The CNC intends to make France a world leader in film shoots and digital production
- CANNES 2021: The centre has unveiled the projects involved in its “modernising shake-up”, an initiative which aims to create state-of-the-art production infrastructure and to update existing resources
What could be better for the infrastructure of the French film industry, as it grapples with the burning need for an upgrading of its facilities within the current context of the post-pandemic recovery, than a veritable “modernising shake-up”? This is the purpose of the eponymous financial aid initiative (read our news) introduced by the CNC in 2021, whose laureate projects were unveiled (news). This support system equipped with 10 million euros forms part of the recovery plan dedicated to the film, audiovisual and gaming industries. Twenty winning works were selected from the 120 projects submitted to the CNC. Eight of them revolve around the creation or modernisation of film studios, while the remaining twelve correspond to the “digital production” of projects (animated studios, virtual studios, visual effects studios, etc.). The aim of the endeavour is clearly defined by the CNC’s Director of Digital Vincent Florant: it’s about “making France a world leader in film shoots and digital production”. Indeed, this was the subject which fuelled the round table discussion organised by the CNC at the 74th Cannes Film Festival on Tuesday 13 July, entitled “Innovating for an industry which is economically supreme and creatively free". Helming the event, the former director of Mikros Images and the president of the “modernising shake-up” committee Gilles Gaillard invited the panellists, who were recipients of this financial aid, to present their respective projects.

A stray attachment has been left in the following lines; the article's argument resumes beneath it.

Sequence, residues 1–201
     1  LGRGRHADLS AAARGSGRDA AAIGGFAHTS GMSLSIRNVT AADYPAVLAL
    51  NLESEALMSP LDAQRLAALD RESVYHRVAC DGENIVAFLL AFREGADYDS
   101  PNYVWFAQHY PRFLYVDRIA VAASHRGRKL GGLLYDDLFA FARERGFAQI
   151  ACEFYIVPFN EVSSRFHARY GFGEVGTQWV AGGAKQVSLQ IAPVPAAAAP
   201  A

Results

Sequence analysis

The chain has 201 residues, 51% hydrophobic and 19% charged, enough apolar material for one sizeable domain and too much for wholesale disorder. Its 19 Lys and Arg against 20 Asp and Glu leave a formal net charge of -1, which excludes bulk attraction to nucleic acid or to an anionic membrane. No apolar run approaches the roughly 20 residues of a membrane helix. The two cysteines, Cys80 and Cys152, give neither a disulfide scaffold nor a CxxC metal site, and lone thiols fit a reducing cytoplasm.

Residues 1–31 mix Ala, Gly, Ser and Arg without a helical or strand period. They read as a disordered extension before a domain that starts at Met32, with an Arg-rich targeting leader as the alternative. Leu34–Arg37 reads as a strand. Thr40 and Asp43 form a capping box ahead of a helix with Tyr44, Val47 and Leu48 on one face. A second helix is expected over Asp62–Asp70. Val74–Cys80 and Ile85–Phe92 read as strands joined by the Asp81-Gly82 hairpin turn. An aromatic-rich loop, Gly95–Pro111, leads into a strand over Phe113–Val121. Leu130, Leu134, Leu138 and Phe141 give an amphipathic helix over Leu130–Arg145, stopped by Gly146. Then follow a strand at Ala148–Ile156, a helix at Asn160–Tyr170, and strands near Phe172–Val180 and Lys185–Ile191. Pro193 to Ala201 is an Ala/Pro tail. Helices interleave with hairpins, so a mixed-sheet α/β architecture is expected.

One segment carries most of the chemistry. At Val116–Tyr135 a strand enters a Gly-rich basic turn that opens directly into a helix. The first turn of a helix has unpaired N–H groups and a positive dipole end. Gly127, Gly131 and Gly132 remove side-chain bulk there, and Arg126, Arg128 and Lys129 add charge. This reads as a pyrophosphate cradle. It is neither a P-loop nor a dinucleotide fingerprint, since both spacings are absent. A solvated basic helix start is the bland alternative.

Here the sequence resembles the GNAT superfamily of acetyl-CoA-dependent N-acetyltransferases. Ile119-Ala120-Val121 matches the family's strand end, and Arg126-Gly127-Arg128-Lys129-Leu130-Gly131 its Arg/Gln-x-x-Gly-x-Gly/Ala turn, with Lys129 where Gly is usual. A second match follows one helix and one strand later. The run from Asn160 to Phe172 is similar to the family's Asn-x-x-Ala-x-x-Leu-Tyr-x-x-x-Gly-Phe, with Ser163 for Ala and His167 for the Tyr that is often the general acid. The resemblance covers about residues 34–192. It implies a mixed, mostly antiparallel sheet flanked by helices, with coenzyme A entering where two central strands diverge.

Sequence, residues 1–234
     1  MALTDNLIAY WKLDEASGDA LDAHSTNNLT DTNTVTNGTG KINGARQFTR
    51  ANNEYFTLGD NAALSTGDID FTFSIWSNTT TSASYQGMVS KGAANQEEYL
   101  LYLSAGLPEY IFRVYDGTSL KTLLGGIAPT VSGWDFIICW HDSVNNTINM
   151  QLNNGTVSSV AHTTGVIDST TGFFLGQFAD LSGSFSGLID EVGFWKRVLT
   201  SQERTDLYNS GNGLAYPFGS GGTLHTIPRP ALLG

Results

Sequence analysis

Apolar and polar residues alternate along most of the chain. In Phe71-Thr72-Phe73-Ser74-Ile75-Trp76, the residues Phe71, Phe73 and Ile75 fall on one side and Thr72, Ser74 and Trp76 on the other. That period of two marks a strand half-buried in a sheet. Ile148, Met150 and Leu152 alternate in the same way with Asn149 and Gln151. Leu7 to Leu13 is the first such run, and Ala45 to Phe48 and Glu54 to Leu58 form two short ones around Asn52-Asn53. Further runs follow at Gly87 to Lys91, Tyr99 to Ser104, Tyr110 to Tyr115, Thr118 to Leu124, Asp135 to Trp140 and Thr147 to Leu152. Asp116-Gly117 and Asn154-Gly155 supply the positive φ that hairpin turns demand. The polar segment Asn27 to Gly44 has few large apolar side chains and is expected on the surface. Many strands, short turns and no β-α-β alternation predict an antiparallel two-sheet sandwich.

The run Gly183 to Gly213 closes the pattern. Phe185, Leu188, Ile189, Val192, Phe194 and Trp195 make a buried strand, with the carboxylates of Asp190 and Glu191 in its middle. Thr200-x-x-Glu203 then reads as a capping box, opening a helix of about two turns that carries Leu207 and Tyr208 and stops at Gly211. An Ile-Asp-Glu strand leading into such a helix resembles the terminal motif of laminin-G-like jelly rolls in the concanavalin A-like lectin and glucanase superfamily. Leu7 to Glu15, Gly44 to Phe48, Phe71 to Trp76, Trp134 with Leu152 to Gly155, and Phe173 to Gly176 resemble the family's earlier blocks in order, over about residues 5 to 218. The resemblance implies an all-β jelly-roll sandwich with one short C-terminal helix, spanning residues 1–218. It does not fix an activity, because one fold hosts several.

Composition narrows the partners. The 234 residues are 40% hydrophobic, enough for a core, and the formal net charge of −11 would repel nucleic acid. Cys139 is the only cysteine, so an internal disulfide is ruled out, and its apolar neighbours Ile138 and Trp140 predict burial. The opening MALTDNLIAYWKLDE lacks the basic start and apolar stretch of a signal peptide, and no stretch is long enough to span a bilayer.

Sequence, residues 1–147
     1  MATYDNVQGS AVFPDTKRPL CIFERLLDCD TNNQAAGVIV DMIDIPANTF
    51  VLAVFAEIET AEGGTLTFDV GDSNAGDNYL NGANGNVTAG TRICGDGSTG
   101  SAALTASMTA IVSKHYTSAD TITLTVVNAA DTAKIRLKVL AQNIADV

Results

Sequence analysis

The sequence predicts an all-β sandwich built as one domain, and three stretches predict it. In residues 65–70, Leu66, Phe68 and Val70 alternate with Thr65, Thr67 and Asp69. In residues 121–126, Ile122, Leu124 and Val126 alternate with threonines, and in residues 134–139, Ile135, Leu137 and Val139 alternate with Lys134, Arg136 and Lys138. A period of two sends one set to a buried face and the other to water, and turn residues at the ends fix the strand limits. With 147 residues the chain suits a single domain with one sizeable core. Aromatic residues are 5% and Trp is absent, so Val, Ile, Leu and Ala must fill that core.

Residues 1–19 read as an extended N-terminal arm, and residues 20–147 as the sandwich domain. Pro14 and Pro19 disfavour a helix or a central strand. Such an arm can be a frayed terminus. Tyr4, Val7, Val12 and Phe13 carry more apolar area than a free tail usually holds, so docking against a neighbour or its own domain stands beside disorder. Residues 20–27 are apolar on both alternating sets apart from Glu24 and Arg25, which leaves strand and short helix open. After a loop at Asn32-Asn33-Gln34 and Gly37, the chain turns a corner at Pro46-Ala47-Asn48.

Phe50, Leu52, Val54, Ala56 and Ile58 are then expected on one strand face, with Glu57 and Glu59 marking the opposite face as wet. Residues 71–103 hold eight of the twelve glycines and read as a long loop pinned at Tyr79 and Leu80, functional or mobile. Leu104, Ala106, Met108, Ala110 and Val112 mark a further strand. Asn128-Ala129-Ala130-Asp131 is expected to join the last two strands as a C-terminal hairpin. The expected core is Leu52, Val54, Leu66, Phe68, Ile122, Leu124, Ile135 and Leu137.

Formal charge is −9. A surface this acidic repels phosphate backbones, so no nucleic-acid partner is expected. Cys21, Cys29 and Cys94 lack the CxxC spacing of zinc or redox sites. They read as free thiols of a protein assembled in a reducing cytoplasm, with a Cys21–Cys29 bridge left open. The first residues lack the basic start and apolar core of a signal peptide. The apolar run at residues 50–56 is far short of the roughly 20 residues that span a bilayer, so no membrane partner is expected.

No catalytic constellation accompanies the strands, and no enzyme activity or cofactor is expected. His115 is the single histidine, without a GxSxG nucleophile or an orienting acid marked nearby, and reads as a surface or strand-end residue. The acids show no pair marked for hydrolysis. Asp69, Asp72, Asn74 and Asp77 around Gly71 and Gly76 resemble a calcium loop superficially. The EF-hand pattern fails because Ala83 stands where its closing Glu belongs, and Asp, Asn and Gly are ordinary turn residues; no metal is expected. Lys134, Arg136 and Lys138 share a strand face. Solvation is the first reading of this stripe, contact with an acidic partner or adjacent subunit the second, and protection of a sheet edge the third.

Olivier Marchetti created Provence Studios after noting just how outdated French film sets were. Provence Studios is a “3.0” film studio project resting on three pillars: control over the ecological impact of the structure, cutting edge technology and international appeal. To date, Provence Studios comprises 14 operational film sets across a surface area of 26,000 square metres. Praised by leading international productions, the studio notably capitalised on its infrastructure and high calibre workforce to “reconstruct Chambord in five weeks" in order to satisfy the filming needs of a series produced by Lionsgate. It was an opportunity for Olivier Marchetti to express his full “admiration for intermittent workers and builders, whom we don’t see enough of, and who have the Midas touch”. The financial support afforded by this “modernising shake-up” will allow Provence Studios, who are already known by the Lionsgate team as “Pinewood, but with sun”, to respond to a fast-growing demand, particularly on the part of streaming platforms, whose production of series allows for economies of scale via an “industrialisation” of the production process.
Another lucky participant in this “modernising shake-up", the president of Volt Tournage Rémi Préchac, is heading up a “highly ambitious” project in the lower regions of Marne la Vallée”. He believes that “producers must learn to stop seeing the epicentre of Paris as the only viable option for hosting stars and film sets”. It’s a colossal investment: 300 million euros in order to create 20 film sets across a surface area of 35,000 square metres; a modern studio for which a first, usable draft should be ready in 2024, thanks to funding from the modernisation initiative. This project will play a part in the much-needed upgrading of film infrastructure across the country: “we’ve revolutionised cameras and screens, but films sets haven’t changed for decades”, Préchac observes.